Boston: Houghton Mifflin, 1882.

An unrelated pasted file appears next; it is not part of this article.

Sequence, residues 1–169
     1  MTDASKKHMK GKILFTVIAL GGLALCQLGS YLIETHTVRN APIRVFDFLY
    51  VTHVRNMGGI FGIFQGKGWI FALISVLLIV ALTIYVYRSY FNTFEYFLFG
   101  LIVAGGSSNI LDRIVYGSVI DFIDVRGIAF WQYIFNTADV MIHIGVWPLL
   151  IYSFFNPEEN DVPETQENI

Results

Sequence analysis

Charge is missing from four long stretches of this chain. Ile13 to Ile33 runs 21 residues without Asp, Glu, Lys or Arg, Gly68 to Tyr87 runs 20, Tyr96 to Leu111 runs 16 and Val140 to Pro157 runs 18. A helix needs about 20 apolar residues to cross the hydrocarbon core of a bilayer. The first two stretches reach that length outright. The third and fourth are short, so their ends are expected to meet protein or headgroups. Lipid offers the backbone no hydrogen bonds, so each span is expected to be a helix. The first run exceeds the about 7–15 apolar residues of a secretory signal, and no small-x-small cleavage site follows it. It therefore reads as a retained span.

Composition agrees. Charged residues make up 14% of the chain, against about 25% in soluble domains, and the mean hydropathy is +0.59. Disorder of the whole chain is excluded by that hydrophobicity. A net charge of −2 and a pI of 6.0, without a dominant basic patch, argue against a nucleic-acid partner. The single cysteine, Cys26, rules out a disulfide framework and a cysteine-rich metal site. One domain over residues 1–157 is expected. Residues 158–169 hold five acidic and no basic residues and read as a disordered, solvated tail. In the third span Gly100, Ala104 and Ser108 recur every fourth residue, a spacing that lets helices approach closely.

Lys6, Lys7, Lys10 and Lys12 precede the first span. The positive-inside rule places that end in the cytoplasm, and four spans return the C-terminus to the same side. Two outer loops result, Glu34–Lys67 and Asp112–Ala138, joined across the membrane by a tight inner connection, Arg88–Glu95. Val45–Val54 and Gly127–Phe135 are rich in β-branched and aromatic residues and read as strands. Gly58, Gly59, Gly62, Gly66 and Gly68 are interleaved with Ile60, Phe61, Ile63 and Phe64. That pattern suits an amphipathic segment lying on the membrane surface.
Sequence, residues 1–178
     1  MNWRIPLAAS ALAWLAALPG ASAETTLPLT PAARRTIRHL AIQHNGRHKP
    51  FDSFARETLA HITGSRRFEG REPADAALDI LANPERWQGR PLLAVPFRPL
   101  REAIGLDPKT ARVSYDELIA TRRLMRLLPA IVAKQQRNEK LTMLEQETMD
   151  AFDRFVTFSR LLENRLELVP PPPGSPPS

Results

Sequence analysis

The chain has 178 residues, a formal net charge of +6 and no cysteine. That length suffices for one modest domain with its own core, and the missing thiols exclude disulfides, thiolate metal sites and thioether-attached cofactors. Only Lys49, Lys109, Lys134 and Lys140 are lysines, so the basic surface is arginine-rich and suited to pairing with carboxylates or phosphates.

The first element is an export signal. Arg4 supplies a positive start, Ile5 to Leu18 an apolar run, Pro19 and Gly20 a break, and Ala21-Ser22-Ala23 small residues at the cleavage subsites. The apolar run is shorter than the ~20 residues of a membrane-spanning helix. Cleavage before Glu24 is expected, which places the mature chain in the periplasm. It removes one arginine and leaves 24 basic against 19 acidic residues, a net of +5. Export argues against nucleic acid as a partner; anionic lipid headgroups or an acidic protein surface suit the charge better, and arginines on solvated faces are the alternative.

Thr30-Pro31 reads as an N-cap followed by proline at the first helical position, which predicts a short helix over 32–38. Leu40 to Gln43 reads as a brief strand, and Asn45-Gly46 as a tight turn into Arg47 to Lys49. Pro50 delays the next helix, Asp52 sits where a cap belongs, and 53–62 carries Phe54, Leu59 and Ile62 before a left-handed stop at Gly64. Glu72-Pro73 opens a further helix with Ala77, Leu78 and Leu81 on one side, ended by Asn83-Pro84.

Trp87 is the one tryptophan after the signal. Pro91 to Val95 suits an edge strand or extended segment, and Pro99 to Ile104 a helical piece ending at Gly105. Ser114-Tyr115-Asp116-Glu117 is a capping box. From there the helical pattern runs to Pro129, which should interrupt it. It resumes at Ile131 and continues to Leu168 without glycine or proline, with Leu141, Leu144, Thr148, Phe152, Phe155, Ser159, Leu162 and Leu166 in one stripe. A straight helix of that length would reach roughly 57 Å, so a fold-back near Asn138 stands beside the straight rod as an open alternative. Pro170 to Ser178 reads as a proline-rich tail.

First American Edition. Hardcover. Good+. Two volumes, pp 379, 311, with two wood-engraved plates, many illustrations in the text, errata slip. Bound in original brown cloth with decoration in gilt and black. Both volumes tightly bound, with light rubbing to corners and spine ends, foxing to edges of text block, and scattered foxing throughout the text (mostly light, but heavier on a few pages). Good to very good overall. Elizabeth Sarah Mazuchelli (who went by Nina) and her husband, an Anglican clergyman, traveled extensively in Hungary the late 1870s, going many places not often visited by foreigners. Robinson (Wayward Women) says this narrative "is an excellent one: enthusiastic, informative, and written with an irrepressible sense of fun. She chose Hungary because of the Carpathians and the Tatra: mountains were her heart's desire." And, in fact, the book is dedicated "to all who love mountains by one who worships them." It is best known, however, as one of the key sources on Transylvania used by Bram Stoker as he wrote Dracula.